If an NFL game is played in the forest and the whistle blows but no one hears it, does it make a sound?
Or something like that.
Every football fan's dream came true on Nov. 4, 2003, when the NFL launched the NFL Network, a 24-hour, seven-day-a-week, 365-days-a-year of nothing but football. But the nightmare for many, including those in the Tampa Bay area who get Bright House Networks, is the NFL Network isn't seen by a good chunk of the country.
And that's a shame because between showing games, more than 2,000 hours of original programming annually, exclusive coverage of the scouting combine, draft previews, a Sunday pregame show and several college bowl games, the NFL Network is a high-end, one-stop shopping outlet for the NFL fanatic.
We discussed the state of the network with two key members, Charles Coplin, the vice president of programming, and Rich Eisen, who hosts the network's anchor show, NFL Total Access, which will broadcast live this week from its massive set at the Tampa Convention Center.
NFL Network's slogan this week: "Everything but the game.''
Rich Eisen: "We will cover everything, from media day to news conferences to features and highlight packages. We'll go live all day, and you never know who might drop by our set. I remember one year, we had Bart Starr. And then Peyton Manning comes in. Then Tom Petty popped free and we brought him on. Then someone like Adam Sandler comes by. In those moments, you just shut up and let all of them just talk. You just never know, and it's a rush just to see who is coming on next because sometimes we don't even know who is coming on next. It's like the convention of pro football. The preparation for a show like that? Get a good night's sleep.''
The frustration of not reaching 100 percent of the country.
Charles Coplin: "Of course it's frustrating. We want as many people to see it as possible. We have what we feel is the No. 1 content for the No. 1 sport, and certainly, we would want to see that available to everyone.''
Rich Eisen: "Obviously, you want anything you do to be as successful as possible. As far as it not being seen, I use three coaching cliches for anyone who asks me about this. One, I don't have a crystal ball. Two, it is what it is. Three, I can only control what I can control. And really, that sums it up. Regardless of how many are watching, we are doing the best possible work we can do and we're very proud of what we do."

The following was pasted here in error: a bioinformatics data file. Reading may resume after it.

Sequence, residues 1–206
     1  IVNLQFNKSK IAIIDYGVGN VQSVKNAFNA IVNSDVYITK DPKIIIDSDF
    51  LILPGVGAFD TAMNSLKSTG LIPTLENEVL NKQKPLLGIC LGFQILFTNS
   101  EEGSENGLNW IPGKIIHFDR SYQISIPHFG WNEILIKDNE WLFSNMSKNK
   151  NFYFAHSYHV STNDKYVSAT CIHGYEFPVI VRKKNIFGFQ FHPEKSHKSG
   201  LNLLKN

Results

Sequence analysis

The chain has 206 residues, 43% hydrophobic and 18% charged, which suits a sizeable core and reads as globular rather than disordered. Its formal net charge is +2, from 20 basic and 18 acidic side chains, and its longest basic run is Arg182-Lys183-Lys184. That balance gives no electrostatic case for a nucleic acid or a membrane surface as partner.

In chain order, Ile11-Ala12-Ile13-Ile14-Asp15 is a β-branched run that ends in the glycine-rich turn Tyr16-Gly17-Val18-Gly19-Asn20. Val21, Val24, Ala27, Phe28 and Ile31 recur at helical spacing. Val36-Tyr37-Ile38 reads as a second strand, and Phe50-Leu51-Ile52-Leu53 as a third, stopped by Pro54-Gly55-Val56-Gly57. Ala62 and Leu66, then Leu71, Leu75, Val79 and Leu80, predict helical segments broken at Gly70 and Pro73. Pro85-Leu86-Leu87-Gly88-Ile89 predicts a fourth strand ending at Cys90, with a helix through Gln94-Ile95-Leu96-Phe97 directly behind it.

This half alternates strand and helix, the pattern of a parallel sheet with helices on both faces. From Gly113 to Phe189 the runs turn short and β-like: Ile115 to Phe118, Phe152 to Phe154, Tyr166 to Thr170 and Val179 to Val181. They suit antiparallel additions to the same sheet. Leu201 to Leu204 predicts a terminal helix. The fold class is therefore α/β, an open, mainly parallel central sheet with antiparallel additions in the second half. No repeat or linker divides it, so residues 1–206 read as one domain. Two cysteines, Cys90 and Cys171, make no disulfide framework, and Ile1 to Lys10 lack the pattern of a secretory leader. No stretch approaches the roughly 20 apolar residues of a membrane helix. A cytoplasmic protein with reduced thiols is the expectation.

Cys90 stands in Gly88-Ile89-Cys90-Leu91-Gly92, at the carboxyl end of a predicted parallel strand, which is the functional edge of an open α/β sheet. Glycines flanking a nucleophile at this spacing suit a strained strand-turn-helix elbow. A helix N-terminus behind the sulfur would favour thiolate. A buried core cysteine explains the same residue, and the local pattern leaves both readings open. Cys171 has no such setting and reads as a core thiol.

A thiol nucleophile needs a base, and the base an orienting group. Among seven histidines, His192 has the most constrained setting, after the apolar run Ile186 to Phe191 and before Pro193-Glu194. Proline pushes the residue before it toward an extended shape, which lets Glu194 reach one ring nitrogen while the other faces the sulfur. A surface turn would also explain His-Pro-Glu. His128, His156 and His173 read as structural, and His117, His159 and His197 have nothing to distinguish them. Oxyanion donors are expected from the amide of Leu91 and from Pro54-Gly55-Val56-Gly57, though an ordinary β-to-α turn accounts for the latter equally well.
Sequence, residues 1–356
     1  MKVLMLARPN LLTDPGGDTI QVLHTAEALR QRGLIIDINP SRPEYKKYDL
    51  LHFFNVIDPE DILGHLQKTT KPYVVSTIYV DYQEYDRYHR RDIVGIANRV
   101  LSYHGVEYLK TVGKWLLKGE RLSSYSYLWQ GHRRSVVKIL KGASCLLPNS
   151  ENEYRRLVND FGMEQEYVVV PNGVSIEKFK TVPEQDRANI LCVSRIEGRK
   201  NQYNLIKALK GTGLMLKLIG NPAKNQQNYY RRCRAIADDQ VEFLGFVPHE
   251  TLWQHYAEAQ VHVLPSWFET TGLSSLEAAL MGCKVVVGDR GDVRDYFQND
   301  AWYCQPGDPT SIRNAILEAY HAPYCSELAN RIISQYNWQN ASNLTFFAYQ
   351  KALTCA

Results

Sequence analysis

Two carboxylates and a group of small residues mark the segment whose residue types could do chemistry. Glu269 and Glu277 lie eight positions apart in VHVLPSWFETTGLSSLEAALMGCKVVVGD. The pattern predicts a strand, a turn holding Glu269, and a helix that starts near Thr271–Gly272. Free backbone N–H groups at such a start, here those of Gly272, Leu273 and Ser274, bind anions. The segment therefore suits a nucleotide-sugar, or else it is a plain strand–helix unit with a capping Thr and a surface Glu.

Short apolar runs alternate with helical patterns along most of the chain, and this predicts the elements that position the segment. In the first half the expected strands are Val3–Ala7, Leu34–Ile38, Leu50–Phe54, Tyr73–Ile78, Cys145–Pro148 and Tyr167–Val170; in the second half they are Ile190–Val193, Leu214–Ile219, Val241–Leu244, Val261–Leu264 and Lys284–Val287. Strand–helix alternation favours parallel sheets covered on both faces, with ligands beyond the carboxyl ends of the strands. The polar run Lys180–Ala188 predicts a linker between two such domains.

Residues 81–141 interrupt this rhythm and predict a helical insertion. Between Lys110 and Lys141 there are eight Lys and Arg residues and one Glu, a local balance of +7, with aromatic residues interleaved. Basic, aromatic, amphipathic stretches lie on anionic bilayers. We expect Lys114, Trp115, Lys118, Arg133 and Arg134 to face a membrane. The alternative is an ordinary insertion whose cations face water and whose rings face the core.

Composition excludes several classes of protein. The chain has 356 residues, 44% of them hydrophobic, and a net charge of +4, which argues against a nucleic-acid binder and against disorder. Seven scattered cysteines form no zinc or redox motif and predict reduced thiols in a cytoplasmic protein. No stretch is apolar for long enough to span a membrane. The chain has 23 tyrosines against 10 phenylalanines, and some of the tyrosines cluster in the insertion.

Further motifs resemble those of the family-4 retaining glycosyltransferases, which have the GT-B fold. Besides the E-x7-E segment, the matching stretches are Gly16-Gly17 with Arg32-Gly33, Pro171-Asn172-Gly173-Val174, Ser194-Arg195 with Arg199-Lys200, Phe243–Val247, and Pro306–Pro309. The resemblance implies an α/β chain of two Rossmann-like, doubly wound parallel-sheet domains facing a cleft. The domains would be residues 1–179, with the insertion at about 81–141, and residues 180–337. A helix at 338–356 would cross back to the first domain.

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NFL Network fact
The network launched in 2003 to 11.5 million homes and today reaches approximately 42 million U.S. homes. By comparison, ESPN reaches a little more than 90 million homes in the United States.
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Rich Eisen left ESPN's SportsCenter to join the fledgling NFL Network.
Eisen: "Believe me, my seven-plus years at ESPN were amazing. When I was there, what an exciting time to be at ESPN. There were people there like Craig Kilborn, Suzy Kolber, Mike Tirico. Chris Berman was still doing SportsCenter. I used to do SportsCenter with Stuart Scott. But moving over to NFL Network was the only way I could express myself as a broadcaster. Hosting this program (NFL Total Access) with the ability to discuss issues with all sorts of people from players to executives to coaches to entertainers has been extremely fulfilling. The NFL Network, to me, is really a dream come true."
Seeing as how the network is run by the NFL, are certain stories taboo?
Charles Coplin: "We are the credible source for football fans, and we do not shy away from any issues. It was paramount when we started this network that it was our responsibility to cover all stories. And you see that we have; from Maurice Clarett to Michael Vick to the whole Bill Belichick (SpyGate) scandal to this year with Plaxico Burress (shooting himself). We cover firings, hirings and have never once been told to stay away from a story. And we never would.''
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NFL Network's most famous moment
At the end of last season, the Patriots were 15-0 and attempting to become the first team since the 1972 Dolphins to go undefeated when they went to the Meadowlands to play the Giants in the season finale. With still a large portion unable to see the game because their cable providers did not offer the NFL Network, a landmark deal was struck. The game, which the Patriots won to complete a 16-0 regular season, was produced and broadcast by the NFL Network but also shown on CBS and NBC — the first time since Super Bowl I that more than one network carried an NFL game.
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This week's plan
Charles Coplin: "We have three approaches: getting everybody ready for the game by being on the ground in multiple locations bringing the viewers everything that moves. Then we have a library of old Super Bowls and historic games unparalleled by anybody. And we will cover the event that is the Super Bowl. It is a tremendous week, a cultural phenomenon. And it's our job to bring that all to the viewers.''